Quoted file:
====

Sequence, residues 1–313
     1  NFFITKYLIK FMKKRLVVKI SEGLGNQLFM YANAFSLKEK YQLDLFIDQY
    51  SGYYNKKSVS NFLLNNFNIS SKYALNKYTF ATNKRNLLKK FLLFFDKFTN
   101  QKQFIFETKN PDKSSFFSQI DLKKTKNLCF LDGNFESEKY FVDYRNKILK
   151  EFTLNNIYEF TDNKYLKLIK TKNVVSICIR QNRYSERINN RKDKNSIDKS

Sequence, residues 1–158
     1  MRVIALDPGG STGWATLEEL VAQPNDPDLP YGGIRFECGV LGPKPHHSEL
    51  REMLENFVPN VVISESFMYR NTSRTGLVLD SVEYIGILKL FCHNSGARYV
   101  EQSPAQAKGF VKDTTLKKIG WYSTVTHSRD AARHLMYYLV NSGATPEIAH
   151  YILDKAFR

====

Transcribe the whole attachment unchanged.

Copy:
Sequence, residues 1–313
     1  NFFITKYLIK FMKKRLVVKI SEGLGNQLFM YANAFSLKEK YQLDLFIDQY
    51  SGYYNKKSVS NFLLNNFNIS SKYALNKYTF ATNKRNLLKK FLLFFDKFTN
   101  QKQFIFETKN PDKSSFFSQI DLKKTKNLCF LDGNFESEKY FVDYRNKILK
   151  EFTLNNIYEF TDNKYLKLIK TKNVVSICIR QNRYSERINN RKDKNSIDKS

Sequence, residues 1–158
     1  MRVIALDPGG STGWATLEEL VAQPNDPDLP YGGIRFECGV LGPKPHHSEL
    51  REMLENFVPN VVISESFMYR NTSRTGLVLD SVEYIGILKL FCHNSGARYV
   101  EQSPAQAKGF VKDTTLKKIG WYSTVTHSRD AARHLMYYLV NSGATPEIAH
   151  YILDKAFR